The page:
It’s rare over the 130+ essays on this blog for me to use this forum to tout the exploits of my children. While I am certainly a very proud father of two wonderful kids, Bryson 16 and Marie 14, I try to reserve my expressions of parental pride for other moments and venues. Well […]
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Monday, May 18, 2015
It's rare over the 130+ essays on this blog for me to use this forum to tout the exploits of my children. While I am certainly a very proud father of two wonderful kids, Bryson 16 and Marie 14, I try to reserve my expressions of parental pride for other moments and venues. Well today I take a momentary break from that tradition to share an amazing and moving poem from my daughter.
Marie wrote this inspiring poem for a project at school, and she is referencing the illness and ultimate passing of her grandmother, Jane Firmin Saliers. Jane passed away in 2011 and we miss here deeply.
By Marie Levisay
You know when you move out of a house
and you clear everything out
It's still the outside of a house you know and love
But the inside is unrecognizable
empty lacking all the personality and possessions once there?
That's what it was like when you got sick.
Before it happened, I would visit your house and make you read to me for hours.
the books I chose scattered across your weathered couch
The words floated of your tongue like beautiful songs you had written yourself.
Each winding storyline a maze only you could solve.
You'd look at me and smile before each page turn
Your big reading glasses covering your face
We went to your library and checked out books every week.
When my teacher asked what I wanted to be when I grew up, I said a Librarian.
Just like my grandma.
Then it started
Your memory slipping through your fingers like water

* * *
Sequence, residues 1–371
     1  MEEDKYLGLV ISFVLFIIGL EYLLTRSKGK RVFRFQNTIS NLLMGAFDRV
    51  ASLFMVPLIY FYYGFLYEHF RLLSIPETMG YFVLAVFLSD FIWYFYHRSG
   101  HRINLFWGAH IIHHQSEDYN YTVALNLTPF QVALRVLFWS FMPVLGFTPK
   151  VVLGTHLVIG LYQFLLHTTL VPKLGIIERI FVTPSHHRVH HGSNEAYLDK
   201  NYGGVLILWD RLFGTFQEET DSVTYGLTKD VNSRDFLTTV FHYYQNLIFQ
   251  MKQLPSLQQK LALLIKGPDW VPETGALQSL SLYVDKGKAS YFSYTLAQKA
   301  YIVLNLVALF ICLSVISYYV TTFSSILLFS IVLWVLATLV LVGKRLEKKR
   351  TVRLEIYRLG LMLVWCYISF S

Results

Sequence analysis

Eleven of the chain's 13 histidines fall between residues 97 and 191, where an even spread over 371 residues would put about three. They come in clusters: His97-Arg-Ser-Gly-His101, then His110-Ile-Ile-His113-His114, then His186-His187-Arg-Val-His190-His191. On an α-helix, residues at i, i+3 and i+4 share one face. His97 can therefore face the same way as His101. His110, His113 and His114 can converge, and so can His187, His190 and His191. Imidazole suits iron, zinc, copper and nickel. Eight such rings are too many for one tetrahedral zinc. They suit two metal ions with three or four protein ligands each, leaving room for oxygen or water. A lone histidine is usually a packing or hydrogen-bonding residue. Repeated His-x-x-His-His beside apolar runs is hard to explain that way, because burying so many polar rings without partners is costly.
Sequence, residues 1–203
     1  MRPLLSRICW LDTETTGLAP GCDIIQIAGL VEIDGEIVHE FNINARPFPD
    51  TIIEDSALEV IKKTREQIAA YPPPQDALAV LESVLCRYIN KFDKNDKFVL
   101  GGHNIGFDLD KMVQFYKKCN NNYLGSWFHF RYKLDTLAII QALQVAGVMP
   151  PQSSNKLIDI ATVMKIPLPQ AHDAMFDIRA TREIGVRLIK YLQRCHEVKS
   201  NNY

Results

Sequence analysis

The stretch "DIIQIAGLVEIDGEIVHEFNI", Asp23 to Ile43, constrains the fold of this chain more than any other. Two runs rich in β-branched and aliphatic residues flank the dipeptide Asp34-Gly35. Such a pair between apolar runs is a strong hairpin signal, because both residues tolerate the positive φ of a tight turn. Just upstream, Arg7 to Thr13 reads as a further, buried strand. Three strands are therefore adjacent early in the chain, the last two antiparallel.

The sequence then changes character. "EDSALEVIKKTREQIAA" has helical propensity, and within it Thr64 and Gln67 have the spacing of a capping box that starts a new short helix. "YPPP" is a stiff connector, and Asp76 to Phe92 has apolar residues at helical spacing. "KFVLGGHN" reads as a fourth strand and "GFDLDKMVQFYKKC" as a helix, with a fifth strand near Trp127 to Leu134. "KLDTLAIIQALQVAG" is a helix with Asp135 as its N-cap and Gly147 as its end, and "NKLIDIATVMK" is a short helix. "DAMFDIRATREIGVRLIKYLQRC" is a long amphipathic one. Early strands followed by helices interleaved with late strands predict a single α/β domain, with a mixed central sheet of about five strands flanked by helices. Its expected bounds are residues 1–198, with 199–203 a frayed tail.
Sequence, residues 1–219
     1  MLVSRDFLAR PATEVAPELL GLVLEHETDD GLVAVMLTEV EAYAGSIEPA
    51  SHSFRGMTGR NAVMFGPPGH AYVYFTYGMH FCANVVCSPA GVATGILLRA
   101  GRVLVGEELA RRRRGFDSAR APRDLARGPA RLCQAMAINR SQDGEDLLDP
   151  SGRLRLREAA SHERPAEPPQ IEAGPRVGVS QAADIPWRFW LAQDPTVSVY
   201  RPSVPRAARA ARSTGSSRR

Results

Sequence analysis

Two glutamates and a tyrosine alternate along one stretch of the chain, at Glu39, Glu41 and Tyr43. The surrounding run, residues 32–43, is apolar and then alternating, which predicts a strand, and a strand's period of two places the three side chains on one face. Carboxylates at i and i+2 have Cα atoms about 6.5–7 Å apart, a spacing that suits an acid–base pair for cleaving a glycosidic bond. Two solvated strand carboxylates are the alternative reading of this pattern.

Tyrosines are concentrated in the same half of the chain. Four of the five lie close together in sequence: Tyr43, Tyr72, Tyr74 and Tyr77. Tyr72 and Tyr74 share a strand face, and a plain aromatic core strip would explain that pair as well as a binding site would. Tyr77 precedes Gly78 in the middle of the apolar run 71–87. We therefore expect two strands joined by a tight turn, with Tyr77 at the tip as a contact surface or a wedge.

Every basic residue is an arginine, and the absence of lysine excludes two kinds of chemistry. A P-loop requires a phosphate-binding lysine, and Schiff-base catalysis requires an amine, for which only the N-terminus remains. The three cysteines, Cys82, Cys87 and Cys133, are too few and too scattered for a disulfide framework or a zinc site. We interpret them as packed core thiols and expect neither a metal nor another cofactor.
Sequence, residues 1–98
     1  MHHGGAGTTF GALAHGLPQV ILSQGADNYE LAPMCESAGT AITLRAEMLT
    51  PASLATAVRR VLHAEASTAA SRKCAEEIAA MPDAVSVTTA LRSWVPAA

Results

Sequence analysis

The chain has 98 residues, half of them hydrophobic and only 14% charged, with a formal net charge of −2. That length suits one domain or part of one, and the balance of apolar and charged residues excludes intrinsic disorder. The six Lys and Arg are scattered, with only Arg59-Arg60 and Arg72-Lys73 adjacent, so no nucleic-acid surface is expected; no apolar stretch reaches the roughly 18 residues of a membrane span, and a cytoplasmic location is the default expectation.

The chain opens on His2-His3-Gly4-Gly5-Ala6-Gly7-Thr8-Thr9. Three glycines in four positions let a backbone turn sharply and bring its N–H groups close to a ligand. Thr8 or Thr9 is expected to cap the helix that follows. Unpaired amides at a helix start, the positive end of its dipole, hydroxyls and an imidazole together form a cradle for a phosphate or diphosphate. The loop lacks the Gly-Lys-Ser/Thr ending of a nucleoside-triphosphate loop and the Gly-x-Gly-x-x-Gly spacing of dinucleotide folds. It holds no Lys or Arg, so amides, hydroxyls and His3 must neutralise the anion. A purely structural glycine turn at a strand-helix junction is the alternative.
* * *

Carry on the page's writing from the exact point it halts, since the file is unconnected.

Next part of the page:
Once when we couldn't find you
I remember moms hands shaking as she called the police.
we found you down the street
we asked what you were doing
with a pained look on your face you said you didn't know
The word dementia whispered on the lips of my family
I pretended not hear the fear in their words
Your stories slipped away when you could no longer read to me.
All the words mixed up in your mind causing you to stutter and slur.
I remember the last letter you wrote when I broke my arm.
The writing was slanted and it was hard to understand but I kept it next to my bed and I'd read it when mom thought I was asleep
Your mind like a thousand broken puzzle pieces that couldn't fit back together.
When i looked into your eyes I knew you didn't know who I was
I remember when we were eating and you started choking
Mom called 911
I asked my brother what was happening
He said you forgot how to swallow
You weren't really with us anymore.
Grandpa sat me down and said death almost came last night but I didn't believe him
You couldn't be leaving me.
You were a survivor.
Growing up poor and raising 4 kids.
Losing your youngest to an eating disorder.
Never complaining about the horrible cards life had dealt you
They say you went in your sleep.
The family said
you were in peace now.
It was good in a way that
they were relieved that you were out of your misery
but I didn't understand how it could be good if you weren't with us anymore.
And I know in the end you weren't really yourself
But an empty house is better than no house at all.
I don't know If I believe in heaven
But if there is some kind of afterlife
I hope that wherever you are
You always remember your stories
Thursday, May 7, 2015